Notable visitors[edit]


See also[edit]

References and sources[edit]

  1. ^ a b c d "History of the Armenian Genocide Memorial in Montebello, CA". United Armenian Council for the Commemoration of the Armenian Genocide Los Angeles. Archived from the original on June 29, 2012. Retrieved September 1, 2012.
  2. ^ a b c "Monument at Bicknell Park in Montebello, California". Armenian National Institute. Retrieved August 31, 2012.
  3. ^ a b Hovannisian 2010, p. 90.
  4. ^ Martin, Marc (25 April 2012). "Marches and commemorations in Southland mark Armenian genocide". Los Angeles Times. Archived from the original on 15 October 2012. Retrieved 6 October 2012.
  5. ^ Hovannisian, Richard (2008). The Armenian Genocide: Cultural and Ethical Legacies. New Brunswick, New Jersey: Transcription Publishers. p. 201. ISBN 978-1-4128-0619-0.
  6. ^ Molina, Sandra T. (24 April 2012). "Thousands commemorate Armenian genocide at site of Montebello monument". Whittier Daily News. Archived from the original on 22 June 2012. Retrieved 6 October 2012.
  7. ^ Hovannisian 2010, p. 89.
  8. ^ Hovannisian 2010, pp. 89–90.
  9. ^ "Genocide Monument Freeway Signs Installed". Asbarez. March 24, 2012. Retrieved September 1, 2012.
  10. ^ Pool, Bob (2 April 2011). "Freeway signs in Montebello take note of Armenian genocide". Los Angeles Times. Retrieved 6 October 2012.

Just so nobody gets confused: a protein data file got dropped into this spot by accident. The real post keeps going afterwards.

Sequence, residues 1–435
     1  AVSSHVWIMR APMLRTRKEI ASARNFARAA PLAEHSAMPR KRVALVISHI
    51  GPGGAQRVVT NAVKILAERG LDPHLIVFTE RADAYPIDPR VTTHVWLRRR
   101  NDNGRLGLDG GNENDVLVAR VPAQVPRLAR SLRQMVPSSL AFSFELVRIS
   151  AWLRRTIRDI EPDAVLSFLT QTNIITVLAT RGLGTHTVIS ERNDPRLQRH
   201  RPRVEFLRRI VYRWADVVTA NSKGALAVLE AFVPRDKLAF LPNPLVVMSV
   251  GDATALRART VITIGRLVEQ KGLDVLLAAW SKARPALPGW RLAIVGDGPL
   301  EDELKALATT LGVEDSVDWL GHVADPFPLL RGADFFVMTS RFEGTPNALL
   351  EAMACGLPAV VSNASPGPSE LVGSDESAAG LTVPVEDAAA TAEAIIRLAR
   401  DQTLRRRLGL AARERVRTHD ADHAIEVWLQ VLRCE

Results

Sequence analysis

11. ^ Bobelian, Michael (2009). Children of Armenia (1st Simon & Schuster hardcover ed.). New York: Simon & Schuster. p. 133. ISBN 978-1416558354.
  12. ^ a b c "ANCA-WR JOINS COMMUNITIES ACROSS THE WESTERN US IN MARKING THE 95th ANNIVERSARY OF THE ARMENIAN GENOCIDE". ANCA. Archived from the original on 19 June 2013. Retrieved 24 May 2013.
  13. ^ a b c d "7 000 Gather to Pay Tribute to Genocide Victims". Asbarez. 25 April 1997.
  14. ^ "Elected Officials Call For End to Turkey's Gag Rule During Genocide Commemoration Event". Asbarez. Retrieved 24 May 2013.
  15. ^ Wight, Pam (April 20, 2006). "Montebello remembers Armenian genocide". Whittier Daily News.
  16. ^ "1,500 attend commemoration of Armenian genocide at Montebello monument". Whittier Daily News. Retrieved 24 May 2013.
  17. ^ "U.S. Senator Dianne Feinstein calls on Turkey to recognize Armenian Genocide". PanArmenian. Retrieved 24 May 2013.
  18. ^ "LA County Sheriff visits Armenian Genocide Martyrs' Monument". PanArmenian. Retrieved 24 May 2013.
  19. ^ a b Molina, Sandra. "Thousands commemorate Armenian genocide at site of Montebello monument Read more: Thousands commemorate Armenian genocide at site of Montebello monument". Whittier Daily News. Retrieved 24 May 2013.
  20. ^ "Events commemorating the 98th anniversary of the start of the Armenian Genocide". ANCA.
  21. ^ a b c d Ghazanchyan, Siranush (24 April 2015). "Armenian community memorializes genocide victims, celebrates culture's survival in Montebello". Public Radio of Armenia.

External links[edit]

Coordinates: 34°1′42.19″N 118°7′51.40″W / 34.0283861°N 118.1309444°W / 34.0283861; -118.1309444